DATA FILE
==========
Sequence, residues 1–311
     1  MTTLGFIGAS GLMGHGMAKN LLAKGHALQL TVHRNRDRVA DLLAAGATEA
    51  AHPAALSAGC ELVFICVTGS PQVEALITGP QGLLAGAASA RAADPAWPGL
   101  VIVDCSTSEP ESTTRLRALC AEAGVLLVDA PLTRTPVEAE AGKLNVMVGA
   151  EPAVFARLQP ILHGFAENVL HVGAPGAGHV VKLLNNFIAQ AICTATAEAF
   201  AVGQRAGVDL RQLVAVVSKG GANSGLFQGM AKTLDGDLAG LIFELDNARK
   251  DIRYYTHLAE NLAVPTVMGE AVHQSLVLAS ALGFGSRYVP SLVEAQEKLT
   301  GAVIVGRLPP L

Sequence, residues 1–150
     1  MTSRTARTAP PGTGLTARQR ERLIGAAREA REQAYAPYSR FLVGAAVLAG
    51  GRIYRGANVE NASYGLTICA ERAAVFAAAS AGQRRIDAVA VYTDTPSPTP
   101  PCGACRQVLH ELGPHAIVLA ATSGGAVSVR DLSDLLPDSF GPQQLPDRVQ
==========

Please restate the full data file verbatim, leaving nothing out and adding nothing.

Sequence, residues 1–311
     1  MTTLGFIGAS GLMGHGMAKN LLAKGHALQL TVHRNRDRVA DLLAAGATEA
    51  AHPAALSAGC ELVFICVTGS PQVEALITGP QGLLAGAASA RAADPAWPGL
   101  VIVDCSTSEP ESTTRLRALC AEAGVLLVDA PLTRTPVEAE AGKLNVMVGA
   151  EPAVFARLQP ILHGFAENVL HVGAPGAGHV VKLLNNFIAQ AICTATAEAF
   201  AVGQRAGVDL RQLVAVVSKG GANSGLFQGM AKTLDGDLAG LIFELDNARK
   251  DIRYYTHLAE NLAVPTVMGE AVHQSLVLAS ALGFGSRYVP SLVEAQEKLT
   301  GAVIVGRLPP L

Sequence, residues 1–150
     1  MTSRTARTAP PGTGLTARQR ERLIGAAREA REQAYAPYSR FLVGAAVLAG
    51  GRIYRGANVE NASYGLTICA ERAAVFAAAS AGQRRIDAVA VYTDTPSPTP
   101  PCGACRQVLH ELGPHAIVLA ATSGGAVSVR DLSDLLPDSF GPQQLPDRVQ